When I was a girl of only seven years old, my father passed away. My mother was left with the job of raising her seven daughters by herself. I realized early on that not having a male in our family was a dishonor. At important events my family felt ashamed because we had no one to represent us to the community, a role reserved for male members of a Korean family. With my father’s death, my family had lost its public voice and had become invisible in the community.
As I reached adulthood, I recognized that inherent in the structure of Korean society was gender discrimination. I also recognized that gender discrimination extended even into the Korean churches. When I felt called to attend seminary to train to be a full-time minister, my gender stood as an obstacle. Although others agreed that I had the gift of leadership and that I had been called to ministry, many tried to persuade me to give up my dream, telling me, “Women are not suitable for professional Christian ministry.”
Amidst the discouragement and opposition, I enrolled at a seminary in Seoul, Korea. At seminary, as I had expected, I was met with considerable discrimination. I remember a female senior warning me, “If you cannot survive here, you will not be able to endure what you will find in the real field of ministry.” I quickly discovered the truth of her warning when I began working as an intern in a local church with several other interns from my seminary. Although we were all at the same level in our theological education and spiritual development, and although we all felt called to leadership in the church, the male interns were treated with the respect due to future ministers, while I was treated as less because of my gender. While the male interns were allowed occasionally to preach in the main service, I was never given that opportunity at the church.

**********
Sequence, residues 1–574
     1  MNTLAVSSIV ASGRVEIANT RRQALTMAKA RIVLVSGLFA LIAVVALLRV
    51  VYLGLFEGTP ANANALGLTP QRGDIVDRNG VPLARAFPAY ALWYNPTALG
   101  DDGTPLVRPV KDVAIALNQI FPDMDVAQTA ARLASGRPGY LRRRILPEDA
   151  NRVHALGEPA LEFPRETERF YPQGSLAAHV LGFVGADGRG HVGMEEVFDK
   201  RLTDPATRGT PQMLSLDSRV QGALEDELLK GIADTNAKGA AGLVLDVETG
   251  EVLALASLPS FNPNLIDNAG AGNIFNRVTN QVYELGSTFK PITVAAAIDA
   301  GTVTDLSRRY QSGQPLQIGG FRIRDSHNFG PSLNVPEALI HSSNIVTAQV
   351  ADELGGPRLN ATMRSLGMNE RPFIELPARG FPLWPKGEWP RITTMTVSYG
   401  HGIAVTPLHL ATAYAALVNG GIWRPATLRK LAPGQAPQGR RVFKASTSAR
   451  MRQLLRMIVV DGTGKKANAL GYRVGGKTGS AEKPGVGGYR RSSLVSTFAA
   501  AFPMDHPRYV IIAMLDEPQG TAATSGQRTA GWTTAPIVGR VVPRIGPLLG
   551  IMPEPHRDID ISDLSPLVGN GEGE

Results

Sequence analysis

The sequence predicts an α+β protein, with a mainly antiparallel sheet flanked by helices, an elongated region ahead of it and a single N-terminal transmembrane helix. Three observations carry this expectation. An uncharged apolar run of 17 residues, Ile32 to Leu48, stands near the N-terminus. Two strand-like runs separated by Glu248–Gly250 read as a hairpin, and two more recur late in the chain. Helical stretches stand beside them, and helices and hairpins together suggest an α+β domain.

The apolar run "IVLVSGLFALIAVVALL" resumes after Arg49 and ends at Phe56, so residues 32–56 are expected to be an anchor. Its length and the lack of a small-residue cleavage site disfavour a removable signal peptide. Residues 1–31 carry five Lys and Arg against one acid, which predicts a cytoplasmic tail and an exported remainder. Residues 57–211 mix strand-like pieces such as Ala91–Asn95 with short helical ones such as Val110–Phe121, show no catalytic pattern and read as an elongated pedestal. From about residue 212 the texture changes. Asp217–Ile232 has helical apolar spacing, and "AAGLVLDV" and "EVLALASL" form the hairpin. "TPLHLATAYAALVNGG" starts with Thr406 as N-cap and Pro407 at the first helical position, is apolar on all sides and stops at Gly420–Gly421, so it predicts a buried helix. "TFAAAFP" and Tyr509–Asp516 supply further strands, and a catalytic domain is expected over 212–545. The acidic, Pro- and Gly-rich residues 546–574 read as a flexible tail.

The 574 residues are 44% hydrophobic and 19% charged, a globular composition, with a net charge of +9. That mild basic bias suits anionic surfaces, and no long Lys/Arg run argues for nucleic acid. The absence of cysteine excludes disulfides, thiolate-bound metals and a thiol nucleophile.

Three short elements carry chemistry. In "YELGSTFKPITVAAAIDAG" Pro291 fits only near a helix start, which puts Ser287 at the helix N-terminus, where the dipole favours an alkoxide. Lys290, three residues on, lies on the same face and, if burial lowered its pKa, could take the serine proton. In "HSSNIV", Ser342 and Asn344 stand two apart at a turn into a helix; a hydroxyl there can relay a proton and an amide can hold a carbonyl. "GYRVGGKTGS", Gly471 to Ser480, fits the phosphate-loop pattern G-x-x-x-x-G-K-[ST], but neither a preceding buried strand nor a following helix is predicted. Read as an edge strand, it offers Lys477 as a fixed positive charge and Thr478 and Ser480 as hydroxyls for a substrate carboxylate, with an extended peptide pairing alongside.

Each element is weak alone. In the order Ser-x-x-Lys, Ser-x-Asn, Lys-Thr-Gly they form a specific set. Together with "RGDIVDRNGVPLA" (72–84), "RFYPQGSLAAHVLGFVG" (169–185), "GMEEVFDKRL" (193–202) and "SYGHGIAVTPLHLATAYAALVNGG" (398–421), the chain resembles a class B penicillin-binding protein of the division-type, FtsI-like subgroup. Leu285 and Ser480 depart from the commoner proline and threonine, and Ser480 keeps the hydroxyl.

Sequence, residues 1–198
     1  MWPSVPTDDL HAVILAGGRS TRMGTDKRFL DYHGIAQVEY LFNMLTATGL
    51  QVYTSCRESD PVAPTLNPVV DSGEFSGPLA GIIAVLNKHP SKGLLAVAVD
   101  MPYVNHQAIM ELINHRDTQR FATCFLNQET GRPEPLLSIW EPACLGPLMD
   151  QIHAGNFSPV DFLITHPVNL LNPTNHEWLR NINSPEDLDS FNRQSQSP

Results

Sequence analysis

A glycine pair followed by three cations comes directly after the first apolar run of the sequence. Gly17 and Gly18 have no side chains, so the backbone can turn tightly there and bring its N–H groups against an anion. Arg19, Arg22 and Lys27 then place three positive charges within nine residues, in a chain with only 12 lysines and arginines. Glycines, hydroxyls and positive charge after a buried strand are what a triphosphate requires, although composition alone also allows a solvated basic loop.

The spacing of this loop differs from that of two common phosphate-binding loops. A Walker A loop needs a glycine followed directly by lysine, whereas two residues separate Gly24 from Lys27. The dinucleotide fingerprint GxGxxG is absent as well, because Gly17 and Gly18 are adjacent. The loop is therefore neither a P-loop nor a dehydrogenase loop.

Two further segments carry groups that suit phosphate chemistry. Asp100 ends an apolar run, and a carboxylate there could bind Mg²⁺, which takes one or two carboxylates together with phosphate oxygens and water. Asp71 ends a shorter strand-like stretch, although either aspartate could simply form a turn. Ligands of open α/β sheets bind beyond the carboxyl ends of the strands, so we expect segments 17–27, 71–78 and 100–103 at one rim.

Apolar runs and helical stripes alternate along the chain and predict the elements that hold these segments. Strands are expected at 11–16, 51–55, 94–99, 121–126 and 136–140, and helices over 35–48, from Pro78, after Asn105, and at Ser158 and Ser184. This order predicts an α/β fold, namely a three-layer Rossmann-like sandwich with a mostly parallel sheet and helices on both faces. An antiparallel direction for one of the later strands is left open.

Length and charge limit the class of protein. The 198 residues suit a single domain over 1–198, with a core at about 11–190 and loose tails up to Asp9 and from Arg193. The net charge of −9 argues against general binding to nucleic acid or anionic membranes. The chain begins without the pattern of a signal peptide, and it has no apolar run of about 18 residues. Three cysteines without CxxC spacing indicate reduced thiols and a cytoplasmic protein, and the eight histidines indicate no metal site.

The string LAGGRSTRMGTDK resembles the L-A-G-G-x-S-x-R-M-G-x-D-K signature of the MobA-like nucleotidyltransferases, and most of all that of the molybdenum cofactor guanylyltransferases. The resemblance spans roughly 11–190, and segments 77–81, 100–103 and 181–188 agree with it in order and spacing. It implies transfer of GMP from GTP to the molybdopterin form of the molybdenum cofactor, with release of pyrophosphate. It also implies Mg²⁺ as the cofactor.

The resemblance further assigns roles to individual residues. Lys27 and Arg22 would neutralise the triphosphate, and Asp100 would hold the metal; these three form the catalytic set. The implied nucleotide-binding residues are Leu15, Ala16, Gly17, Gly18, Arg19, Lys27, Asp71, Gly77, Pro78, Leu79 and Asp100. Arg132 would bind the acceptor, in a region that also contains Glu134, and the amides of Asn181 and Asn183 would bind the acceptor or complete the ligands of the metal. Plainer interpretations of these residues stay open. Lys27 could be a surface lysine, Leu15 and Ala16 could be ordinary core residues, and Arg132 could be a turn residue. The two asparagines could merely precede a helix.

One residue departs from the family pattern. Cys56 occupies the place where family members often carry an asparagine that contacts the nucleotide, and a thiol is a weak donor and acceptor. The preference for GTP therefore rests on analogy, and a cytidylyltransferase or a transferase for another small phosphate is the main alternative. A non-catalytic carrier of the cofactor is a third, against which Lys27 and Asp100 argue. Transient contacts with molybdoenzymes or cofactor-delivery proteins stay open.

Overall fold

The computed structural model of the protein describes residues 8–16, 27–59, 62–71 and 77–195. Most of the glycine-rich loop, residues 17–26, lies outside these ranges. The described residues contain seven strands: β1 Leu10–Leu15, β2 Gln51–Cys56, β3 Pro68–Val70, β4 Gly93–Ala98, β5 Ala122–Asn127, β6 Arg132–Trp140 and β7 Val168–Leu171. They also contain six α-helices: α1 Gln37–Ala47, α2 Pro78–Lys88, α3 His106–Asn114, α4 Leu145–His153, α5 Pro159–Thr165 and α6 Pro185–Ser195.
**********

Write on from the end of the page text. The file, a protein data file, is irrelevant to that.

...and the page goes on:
Disheartened by such experiences, the women’s issue rose to the forefront of my interests. I realized that the traditional view of women in the church did not encourage women to be fully active in God’s mission. During this time, I was also exposed to feminist theology, and my journey toward feminist awareness began. Surprisingly, despite my experiences and the attractiveness of feminist theology, I was reluctant to become a total activist in the feminist movement. At first, I thought my reluctance was fear of this unfamiliar feminist theology. But as I continued to study, I discovered some non-evangelical elements of the theology, and I learned that it was extremely critical of established churches. These elements made it difficult for most conservative Korean women to embrace this feminist theology. In spite of my desperate yearning for equal opportunity, I could not find a proper evangelical view with which I could identify.
Then, in 1995 while studying in the U.S., I discovered Christians for Biblical Equality (CBE) through reading the book Women Caught in the Conflict, written by Rebecca M. Groothius. Finding CBE satisfied my thirst like fresh, cold water after a long, hot, dry journey. CBE has been a source of strength for me. And through CBE, my story can be a source of strength and encouragement for others who are struggling with discrimination. Through CBE, we, as sisters trying to carry out our God-given ministries, can share our stories. I want to share with my sisters how God has faithfully guided and empowered me, a woman called to do His work. And I want to proclaim that I know that God wants to use women in His mission, and I know He will make the way for us.